The Amazing Spider-Man 2: Not the Adjective I’d Have Used
It’s completely unfair, not to mention unprofessional, to judge a film outside of its own merits. You don’t go into a grade school art show and berate a child for not producing the Mona Lisa, in the same way that movie critics don’t begin every review with, “Well, it was no Citizen Kane“. That being said, if the aforementioned grade school artist is loudly demanding millions of dollars and a dedicated wing at the Louvre for their already-crumbling macaroni portrait, it might be time to sit down and have a little chat about the comparative merits of art. So with that in mind, Sony…listen. Your Amazing Spider-Man franchise is NEVER going to be The Avengers. It’s just not. And that’s okay! Literally nobody but you wants or expects it to be. And yet…
I was pleasantly surprised by Sony’s 2012 franchise reboot The Amazing Spider-Man. It had its flaws, but was miles ahead of Sam Raimi’s trilogy in important areas such as casting and tonality, and it displayed a fundamentally superior understanding of Peter Parker/Spider-Man as originally intended by creators Stan Lee and Steve Ditko. Andrew Garfield’s sarcastic, cocky portrayal of Parker is vastly preferable to Tobey Maguire’s perpetual sad-sack approach, and Emma Stone as Gwen Stacy is the exact polar opposite of Kirsten Dunst’s impossible-to-like damsel in distress Mary Jane Watson. There was the expected bout of origin story fatigue and an unspectacular villain to weigh the whole thing down a bit, but I fully expected those to be corrected by the time the sequel rolled around, freeing ASM 2 up to be perhaps the best onscreen Spider-Man story yet. And then The Avengers happened, and the sheer gravitational force exerted by that massive stack of cash pulled every other would-be superhero franchise completely off the rails.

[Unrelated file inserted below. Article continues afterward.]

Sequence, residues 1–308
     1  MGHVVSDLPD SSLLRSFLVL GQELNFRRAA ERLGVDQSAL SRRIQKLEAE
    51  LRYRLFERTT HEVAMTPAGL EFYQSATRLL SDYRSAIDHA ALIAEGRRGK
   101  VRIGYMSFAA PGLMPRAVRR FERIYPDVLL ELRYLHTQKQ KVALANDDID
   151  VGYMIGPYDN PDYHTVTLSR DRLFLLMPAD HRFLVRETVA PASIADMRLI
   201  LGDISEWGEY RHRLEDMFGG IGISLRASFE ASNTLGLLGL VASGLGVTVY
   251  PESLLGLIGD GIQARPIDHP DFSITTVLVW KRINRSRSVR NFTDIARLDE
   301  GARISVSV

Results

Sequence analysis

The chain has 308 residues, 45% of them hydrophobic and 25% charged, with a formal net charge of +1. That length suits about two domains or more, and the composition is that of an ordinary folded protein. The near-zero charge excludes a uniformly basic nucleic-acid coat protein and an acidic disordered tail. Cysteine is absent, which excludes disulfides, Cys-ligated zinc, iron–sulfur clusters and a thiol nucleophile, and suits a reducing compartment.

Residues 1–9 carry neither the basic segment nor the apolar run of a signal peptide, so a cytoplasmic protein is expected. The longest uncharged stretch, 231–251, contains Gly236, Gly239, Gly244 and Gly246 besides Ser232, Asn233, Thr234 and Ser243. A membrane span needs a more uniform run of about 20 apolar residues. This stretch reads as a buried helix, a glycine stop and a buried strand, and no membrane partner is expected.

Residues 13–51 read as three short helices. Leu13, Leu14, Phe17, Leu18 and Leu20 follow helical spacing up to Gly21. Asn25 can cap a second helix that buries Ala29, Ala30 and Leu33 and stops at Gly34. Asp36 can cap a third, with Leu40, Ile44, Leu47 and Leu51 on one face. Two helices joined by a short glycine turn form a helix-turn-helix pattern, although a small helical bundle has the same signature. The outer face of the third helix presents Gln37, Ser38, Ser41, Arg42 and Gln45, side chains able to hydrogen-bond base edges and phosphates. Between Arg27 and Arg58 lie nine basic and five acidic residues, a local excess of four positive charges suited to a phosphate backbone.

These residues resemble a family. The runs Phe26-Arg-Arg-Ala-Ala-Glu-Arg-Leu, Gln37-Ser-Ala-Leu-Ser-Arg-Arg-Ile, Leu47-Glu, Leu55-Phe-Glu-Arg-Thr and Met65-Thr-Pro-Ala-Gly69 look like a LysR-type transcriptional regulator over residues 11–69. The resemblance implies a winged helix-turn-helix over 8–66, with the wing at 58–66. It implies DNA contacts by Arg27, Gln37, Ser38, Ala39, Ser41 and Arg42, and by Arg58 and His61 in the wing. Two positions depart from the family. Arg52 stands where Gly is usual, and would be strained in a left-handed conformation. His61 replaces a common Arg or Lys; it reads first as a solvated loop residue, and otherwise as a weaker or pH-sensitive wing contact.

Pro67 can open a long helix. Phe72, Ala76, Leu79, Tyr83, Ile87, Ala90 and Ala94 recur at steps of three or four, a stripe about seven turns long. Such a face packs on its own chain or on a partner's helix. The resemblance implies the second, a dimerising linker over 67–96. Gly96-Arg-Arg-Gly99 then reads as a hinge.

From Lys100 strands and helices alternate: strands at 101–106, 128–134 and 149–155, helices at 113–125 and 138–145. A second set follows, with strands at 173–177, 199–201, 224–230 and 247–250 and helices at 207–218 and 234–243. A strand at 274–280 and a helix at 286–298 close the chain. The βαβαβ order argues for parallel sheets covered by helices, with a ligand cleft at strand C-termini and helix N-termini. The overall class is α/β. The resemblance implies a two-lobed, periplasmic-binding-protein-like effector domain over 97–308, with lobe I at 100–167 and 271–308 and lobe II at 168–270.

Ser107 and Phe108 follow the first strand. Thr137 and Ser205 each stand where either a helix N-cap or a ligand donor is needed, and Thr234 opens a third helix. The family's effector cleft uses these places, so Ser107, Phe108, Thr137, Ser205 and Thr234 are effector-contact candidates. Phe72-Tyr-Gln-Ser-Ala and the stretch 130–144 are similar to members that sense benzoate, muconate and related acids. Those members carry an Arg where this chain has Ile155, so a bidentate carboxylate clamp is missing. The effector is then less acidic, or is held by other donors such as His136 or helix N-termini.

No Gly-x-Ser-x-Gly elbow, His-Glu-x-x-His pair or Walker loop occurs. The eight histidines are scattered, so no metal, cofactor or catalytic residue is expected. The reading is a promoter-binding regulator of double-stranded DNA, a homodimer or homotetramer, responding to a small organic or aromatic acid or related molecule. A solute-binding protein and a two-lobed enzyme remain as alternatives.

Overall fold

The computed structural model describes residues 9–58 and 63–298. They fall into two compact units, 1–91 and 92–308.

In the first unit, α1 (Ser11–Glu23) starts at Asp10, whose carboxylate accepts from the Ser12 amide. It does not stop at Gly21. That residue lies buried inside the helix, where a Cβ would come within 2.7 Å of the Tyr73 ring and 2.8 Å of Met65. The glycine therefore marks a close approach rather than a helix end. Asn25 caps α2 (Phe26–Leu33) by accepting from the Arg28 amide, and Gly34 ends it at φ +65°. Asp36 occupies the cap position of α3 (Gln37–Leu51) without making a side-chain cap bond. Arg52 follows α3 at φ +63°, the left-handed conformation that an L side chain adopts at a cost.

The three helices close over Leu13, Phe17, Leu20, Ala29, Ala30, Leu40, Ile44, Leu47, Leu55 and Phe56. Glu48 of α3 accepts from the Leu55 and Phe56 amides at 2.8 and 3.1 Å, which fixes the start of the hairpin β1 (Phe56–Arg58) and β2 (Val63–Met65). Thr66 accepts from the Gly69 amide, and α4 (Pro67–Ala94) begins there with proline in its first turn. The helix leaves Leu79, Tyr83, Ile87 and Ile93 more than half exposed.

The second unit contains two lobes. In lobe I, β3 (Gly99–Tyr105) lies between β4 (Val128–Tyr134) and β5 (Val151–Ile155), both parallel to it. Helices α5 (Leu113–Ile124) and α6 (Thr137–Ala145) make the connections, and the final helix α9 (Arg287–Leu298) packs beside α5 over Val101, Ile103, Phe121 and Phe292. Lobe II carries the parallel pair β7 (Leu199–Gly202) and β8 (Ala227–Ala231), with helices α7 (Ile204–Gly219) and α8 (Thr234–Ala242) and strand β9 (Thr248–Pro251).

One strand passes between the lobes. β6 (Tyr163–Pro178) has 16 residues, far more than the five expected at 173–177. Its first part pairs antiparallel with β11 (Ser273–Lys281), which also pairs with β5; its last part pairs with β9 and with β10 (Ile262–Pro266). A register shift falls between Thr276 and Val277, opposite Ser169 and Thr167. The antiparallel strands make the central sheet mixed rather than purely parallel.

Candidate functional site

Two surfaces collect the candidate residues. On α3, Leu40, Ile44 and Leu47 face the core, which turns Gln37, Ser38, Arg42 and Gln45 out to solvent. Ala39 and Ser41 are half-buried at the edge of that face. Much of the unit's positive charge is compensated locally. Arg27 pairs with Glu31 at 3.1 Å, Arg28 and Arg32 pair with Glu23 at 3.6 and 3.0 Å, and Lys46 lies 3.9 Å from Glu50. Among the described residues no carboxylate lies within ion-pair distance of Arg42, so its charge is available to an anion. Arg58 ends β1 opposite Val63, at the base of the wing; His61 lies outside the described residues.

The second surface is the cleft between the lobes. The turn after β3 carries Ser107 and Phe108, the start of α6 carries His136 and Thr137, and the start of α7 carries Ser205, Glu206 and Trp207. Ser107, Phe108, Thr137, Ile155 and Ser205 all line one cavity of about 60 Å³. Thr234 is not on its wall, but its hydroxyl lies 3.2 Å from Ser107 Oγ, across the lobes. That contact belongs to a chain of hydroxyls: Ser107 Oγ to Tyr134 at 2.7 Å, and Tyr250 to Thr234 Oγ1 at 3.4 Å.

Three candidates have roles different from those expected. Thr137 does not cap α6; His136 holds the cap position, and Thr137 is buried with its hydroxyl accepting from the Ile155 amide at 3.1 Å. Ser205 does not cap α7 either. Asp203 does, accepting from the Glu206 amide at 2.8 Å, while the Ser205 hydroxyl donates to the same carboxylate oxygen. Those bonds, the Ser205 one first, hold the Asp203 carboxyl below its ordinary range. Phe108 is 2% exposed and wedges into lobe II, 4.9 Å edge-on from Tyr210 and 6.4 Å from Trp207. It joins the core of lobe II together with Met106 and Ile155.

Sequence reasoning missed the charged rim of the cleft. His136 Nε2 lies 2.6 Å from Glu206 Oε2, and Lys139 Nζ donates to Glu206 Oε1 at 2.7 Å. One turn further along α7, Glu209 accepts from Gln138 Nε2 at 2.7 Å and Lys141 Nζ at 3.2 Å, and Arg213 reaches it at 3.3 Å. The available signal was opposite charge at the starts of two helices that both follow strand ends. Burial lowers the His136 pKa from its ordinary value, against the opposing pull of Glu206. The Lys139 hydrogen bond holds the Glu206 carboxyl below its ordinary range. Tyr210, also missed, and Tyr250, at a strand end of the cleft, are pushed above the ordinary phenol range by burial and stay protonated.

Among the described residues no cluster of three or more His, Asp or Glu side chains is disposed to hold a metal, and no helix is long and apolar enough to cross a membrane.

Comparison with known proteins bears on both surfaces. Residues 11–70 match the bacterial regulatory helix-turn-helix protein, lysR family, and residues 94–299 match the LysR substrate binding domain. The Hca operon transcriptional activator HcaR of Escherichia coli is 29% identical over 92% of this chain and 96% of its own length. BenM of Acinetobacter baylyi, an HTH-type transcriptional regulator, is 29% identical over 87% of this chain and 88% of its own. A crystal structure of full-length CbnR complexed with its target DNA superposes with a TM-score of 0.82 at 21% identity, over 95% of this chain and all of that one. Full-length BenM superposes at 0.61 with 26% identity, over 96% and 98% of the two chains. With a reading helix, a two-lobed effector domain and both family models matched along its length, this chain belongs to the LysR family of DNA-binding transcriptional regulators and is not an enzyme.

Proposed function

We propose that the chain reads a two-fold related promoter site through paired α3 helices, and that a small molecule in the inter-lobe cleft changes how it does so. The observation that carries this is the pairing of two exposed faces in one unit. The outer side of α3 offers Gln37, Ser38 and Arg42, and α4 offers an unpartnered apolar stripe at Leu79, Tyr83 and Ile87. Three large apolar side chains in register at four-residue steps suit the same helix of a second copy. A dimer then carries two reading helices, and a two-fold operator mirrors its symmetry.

The Amazing Spider-Man 2 isn’t so much a movie as it is a disjointed series of trailers and vignettes for other hypothetical Spider-Man movies. It’s a two and a half hour (!!!) demo reel meant to sell the “shared universe” potential of a series which has no other heroes to bring into the fold and instead will have to rely on an endless parade of samey, Oscorp-generated versions of Spider-Man’s extensive rogues gallery to fill out screentime. Electro, Green Goblin, and Rhino occupy the overcrowded tip of the iceberg in a world where Doctor Octopus and Vulture’s mechanical apparatuses already lie in wait for random schmucks to don them, and where every random office drone is also a villain waiting to happen, be it Alistair “Spider-Slayer” Smythe or Felicia “Black Cat” Hardy. I eagerly await the reveal of the Oscorp mail room, where a beleaguered Mysterio no doubt lies in wait for the first perceived slight to set him on the path of villainy. Better not get mad at that new intern for getting your coffee order wrong for the third time this week, what if he’s Kraven the Hunter? It’s a New York City where everyone Peter Parker has ever known or ever will know arrives by way of Oscorp, eliminating the need to ever develop a story with an original or even coherent beginning or end. It’s all middle parts from here on out–Spider-Man vs. an inexhaustible supply of bad guys whose only purpose in life is to prop up teasers for other bad guys.